Only on a very rare occasion will you be faced by a teacher that refuses your help. With the growing number of children in the classrooms, teaches are very often grateful to get help with their class parties. I always say that I will be the silent helper with the Lysol wipes. In exchange for an hour or so of your time, you receive the benefit of spending time with your child, meeting their friends, seeming like the “cool” parent (as many others usually have to work) and you can quietly keep your eyes open for allergic reactions waiting to happen. Unfortunately, this will be harder to do as they get older and feel having a parent with them is uncalled for.

When in doubt, it’s always best to discuss everything far enough ahead to make sure snack time is not a scary time. Stay positive, stay involved, stay stocked with your child’s allergy medications and above all, educate others.

Food allergies do not just affect the children with them, they affect everyone that knows someone with food allergies or has witnessed a reaction.

Why not be cautiously prepared? There is nothing else better than to hear one of your child’s friends exclaim “She told me that if I eat something that makes me have an allergic reaction, she would take care of me too.” Snacks can always be replaced- a child’s life cannot.

Is The Food in Your House Safe to Feed Your Family?

Little girl and mother cooking together in the kitchen.Food poisoning is a real issue in American households and restaurants. It is estimated that 48 million food-borne illnesses are reported each year. That is pretty staggering when you think that the entire population of the United States is 318 million – 15% of the population is affected each and every year! Infants, children, the elderly and those that are already sick are the most vulnerable. We would be remiss if we did not discuss the basics in food safety.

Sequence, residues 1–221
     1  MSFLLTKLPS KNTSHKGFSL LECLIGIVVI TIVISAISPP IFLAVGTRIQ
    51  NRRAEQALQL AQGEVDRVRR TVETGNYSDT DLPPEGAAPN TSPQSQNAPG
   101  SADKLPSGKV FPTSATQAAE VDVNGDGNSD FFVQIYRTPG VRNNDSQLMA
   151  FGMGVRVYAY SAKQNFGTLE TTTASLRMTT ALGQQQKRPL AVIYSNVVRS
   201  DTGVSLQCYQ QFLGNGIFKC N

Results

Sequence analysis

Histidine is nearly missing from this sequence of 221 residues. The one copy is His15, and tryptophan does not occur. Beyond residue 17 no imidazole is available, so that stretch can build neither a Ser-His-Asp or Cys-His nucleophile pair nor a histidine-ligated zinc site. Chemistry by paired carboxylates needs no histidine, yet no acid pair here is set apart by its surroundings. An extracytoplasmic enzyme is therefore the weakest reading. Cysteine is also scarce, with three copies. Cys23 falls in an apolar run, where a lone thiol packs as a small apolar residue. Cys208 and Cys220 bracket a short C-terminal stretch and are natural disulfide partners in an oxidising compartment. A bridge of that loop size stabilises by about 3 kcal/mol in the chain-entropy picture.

The Academy of Nutrition and Dietetics along with ConAgra Foods has put together an excellent website on food safety. They have put food safety basics in 4 categories: WASH, SEPARATE, COOK & REFRIGERATE.

This includes cleaning your hands, your food items and all food preparation surfaces.

Be sure to keep all raw meat, poultry and fish separate from other food until it is ready to cook.

Make sure all foods are cooked to a proper temperatures . Also make sure any leftovers are reheated to at least 165 degrees.

Refrigerate leftovers immediately in shallow containers to below 45 degrees. Do not keep leftovers beyond the suggestion times.

When cooking with your kids and teenagers, be sure to teach them food safety. Learn more details of each of these areas of WASH, SEPARATE, COOK & REFERIGERATE on the Home Food Safety website.

Children and Choking: Prevention and What to Do

Child CPR

the Heimlich maneuver

Recently, in the classes I have been teaching there has been an overwhelming amount of questions regarding choking in children and how to prevent it and what to do when it happens? With choking being one of the top 5 killers of children in the United States, there is never a bad time to cover choking in children and what we as parents and caregivers can do to prevent and deal with the situation.